She said some clients tell her they date white men but feel unsatisfied because they don't think they're connecting on a deeper level with someone who understands them.That has been my problem. No, not that *white* men don’t understand me; the problem has been that none of them—black, white or indifferent—do. But consider this: I am still learning to understand myself.
"A few of them have told me they are so tired of being alone that they're considering becoming gay," she said.Um, okay. This one I’m definitely not feeling (in infinite ways), but consider the lack of logic in this statement. Leaving Christian considerations aside, if a woman feels that she could have a sexual/romantic relationship with another woman, why is she complaining about the dearth of men in the first place?
Then there are the women who have fled Denver, hoping for better luck in chocolate cities such as Atlanta, Detroit, and Washington, D.C.Players can only play with the playable. I’d certainly like to know what was wrong with the non-players, however.
One of those women returned to Denver three weeks ago and complained that in her five years in Atlanta she dated seriously only three black men. The rest, she informed Richardson, were all "players."
It might seem odd for a woman who has been divorced for twelve years and who hasn’t dated in quite a while to semi-fisk this missive. Certainly, I understand where most of these anonymous ladies are coming from; to a point.
The reason, however, that I put a halt to the dating scene wasn’t because of lack of offers. It was because the relationships ended up being emotionally unsatisfying—for me and for the men involved.
I stopped to take stock, something I’m still doing. Did I find myself doing things against my better judgment to hold on to a guy? Why, yes. And you know what that stemmed from? Fear; fear of being alone for the duration of my life; fear of being pointed at and mocked as the old “spinster” lady who never had children; oh the list is endless.
It just so happens that when I talked to my dad, he was preparing a sermon on fear—he’s an associate pastor at my uncle’s—his younger brother’s—Methodist church. When he told me that, I was like “yes!” It was the emotion that pervaded this article, but I couldn’t quite put a name on it.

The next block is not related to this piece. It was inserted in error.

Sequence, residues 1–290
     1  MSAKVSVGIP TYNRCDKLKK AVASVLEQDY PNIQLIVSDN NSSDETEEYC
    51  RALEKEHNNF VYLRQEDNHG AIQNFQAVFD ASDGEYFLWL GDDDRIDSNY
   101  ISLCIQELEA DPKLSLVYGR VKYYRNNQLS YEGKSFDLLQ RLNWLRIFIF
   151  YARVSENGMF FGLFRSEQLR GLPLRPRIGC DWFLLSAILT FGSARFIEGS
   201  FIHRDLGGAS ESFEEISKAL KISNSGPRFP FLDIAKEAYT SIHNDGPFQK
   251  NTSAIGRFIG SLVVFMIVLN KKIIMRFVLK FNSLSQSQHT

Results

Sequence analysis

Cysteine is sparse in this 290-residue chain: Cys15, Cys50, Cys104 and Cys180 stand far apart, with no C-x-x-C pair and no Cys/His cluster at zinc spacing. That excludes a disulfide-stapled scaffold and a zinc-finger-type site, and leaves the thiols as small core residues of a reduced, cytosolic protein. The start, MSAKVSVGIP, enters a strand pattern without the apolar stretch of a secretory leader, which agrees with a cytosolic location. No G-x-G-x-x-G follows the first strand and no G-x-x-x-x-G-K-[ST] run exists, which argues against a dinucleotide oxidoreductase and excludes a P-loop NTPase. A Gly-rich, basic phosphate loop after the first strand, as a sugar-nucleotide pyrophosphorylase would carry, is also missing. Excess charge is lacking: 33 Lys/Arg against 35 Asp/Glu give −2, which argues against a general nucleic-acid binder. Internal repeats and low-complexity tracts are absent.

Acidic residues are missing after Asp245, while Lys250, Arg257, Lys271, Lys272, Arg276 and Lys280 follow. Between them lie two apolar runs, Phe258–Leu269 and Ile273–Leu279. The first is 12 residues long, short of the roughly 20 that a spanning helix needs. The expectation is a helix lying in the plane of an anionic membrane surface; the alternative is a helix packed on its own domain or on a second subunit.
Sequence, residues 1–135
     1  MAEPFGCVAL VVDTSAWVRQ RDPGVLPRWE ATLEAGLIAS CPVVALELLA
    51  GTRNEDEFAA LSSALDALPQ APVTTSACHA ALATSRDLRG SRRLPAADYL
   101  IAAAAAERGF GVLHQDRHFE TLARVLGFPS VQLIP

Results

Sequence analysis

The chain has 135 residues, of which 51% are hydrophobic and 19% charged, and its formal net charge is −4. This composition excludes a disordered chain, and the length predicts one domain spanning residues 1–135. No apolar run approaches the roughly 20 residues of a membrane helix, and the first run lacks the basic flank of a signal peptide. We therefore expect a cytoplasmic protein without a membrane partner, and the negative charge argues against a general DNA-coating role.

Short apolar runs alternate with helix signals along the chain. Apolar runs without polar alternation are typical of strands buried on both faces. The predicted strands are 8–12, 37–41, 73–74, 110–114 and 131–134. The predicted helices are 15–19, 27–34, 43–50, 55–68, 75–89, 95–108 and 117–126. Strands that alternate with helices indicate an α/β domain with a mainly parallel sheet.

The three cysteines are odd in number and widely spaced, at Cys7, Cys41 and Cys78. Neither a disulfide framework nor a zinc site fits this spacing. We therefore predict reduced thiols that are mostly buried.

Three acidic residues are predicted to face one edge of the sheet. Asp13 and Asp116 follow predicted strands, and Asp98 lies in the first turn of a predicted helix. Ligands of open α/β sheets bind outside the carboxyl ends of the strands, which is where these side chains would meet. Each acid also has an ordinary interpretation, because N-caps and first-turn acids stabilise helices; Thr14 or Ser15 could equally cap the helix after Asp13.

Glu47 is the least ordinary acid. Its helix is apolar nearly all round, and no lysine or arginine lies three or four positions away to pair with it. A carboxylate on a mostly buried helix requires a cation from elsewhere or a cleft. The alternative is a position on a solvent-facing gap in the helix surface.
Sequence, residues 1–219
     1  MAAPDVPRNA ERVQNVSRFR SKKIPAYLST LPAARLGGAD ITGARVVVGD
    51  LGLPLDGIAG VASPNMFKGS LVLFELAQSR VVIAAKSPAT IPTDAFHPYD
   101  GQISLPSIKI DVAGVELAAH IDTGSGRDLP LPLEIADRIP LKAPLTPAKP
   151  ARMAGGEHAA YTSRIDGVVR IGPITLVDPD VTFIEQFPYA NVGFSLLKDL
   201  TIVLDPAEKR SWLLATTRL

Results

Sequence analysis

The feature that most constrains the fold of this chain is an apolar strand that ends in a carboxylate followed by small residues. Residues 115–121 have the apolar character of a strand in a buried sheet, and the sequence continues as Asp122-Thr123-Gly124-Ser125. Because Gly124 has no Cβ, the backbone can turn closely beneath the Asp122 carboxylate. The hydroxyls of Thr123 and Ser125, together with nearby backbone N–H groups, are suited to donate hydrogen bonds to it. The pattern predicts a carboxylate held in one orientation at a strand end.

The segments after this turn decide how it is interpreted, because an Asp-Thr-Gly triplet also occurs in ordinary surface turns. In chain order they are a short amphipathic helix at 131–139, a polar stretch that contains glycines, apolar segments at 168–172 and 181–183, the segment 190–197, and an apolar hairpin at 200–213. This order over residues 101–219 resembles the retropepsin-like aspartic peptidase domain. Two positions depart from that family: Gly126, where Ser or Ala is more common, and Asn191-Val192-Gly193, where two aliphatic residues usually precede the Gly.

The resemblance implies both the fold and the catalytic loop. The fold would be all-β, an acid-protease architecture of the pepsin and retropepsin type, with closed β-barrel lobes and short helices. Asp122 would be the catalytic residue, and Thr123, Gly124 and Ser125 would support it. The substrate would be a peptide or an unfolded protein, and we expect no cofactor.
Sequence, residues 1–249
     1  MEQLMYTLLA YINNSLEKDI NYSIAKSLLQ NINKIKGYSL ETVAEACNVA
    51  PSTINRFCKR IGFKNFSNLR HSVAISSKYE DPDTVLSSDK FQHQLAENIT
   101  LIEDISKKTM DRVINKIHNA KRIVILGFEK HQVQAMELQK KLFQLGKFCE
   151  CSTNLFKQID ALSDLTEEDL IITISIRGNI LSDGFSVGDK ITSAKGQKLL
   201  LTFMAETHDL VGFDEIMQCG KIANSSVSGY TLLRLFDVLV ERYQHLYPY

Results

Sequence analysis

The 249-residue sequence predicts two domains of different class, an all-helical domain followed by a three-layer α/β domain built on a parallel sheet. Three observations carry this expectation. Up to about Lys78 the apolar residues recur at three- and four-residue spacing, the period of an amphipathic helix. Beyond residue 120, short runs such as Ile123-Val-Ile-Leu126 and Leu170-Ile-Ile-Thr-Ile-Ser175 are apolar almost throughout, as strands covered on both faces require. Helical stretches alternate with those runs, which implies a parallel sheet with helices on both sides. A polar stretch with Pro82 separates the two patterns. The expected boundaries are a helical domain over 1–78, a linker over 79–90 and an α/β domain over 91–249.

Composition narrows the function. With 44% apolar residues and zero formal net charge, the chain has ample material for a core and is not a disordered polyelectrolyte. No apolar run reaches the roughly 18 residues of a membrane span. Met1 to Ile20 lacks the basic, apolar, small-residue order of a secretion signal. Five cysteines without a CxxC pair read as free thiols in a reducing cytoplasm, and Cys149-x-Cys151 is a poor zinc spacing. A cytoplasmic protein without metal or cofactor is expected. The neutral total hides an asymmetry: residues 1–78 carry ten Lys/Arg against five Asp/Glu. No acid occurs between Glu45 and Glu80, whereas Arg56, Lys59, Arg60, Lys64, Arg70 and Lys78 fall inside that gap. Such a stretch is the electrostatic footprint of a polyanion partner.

Dad was using the Twenty-third Psalm as his talking point: “The Lord is my shepherd…” Since a certain event a few years back, whenever someone mentions that Psalm, Flight 93’s Todd Beamer—who recited it with GTE operator Lisa Jefferson--immediately pops into my mind. Certainly that gentleman found himself in a predicament in which fear was in order. But he called on the squelcher of fears.
There are big fears—like that of the now-immortal Mr. Beamer’s--little ones and medium-sized ones. Fear is natural. However, it’s what one does in the face of any fear that matters. Do you give in to it or do you rise above it? In my opinion, operating controlled by any fear always leads to folly.
Personally, I felt the need to take an extended break from the dating thing to confront my own fears head on and to see if changes could be made in half of the equation in my relationships: me.
But I’ve battled with and mastered the fear that these ladies are likely still struggling with, so here’s my advice: live and follow your dreams, the ones that only you have control over. If you are a Christian, pray and ask for wisdom, guidance and peace. If you aren’t, find those three things in whatever way you can. Most of all, don’t settle for less than what you want. Don’t get mad at the men who are less than what you want, but don’t lower your standards.
You’ll be more unhappy than you *think* you are right now.
(Thanks to reader ErikZ)
AFTERTHOUGHT: Desperation is a most unattractive trait.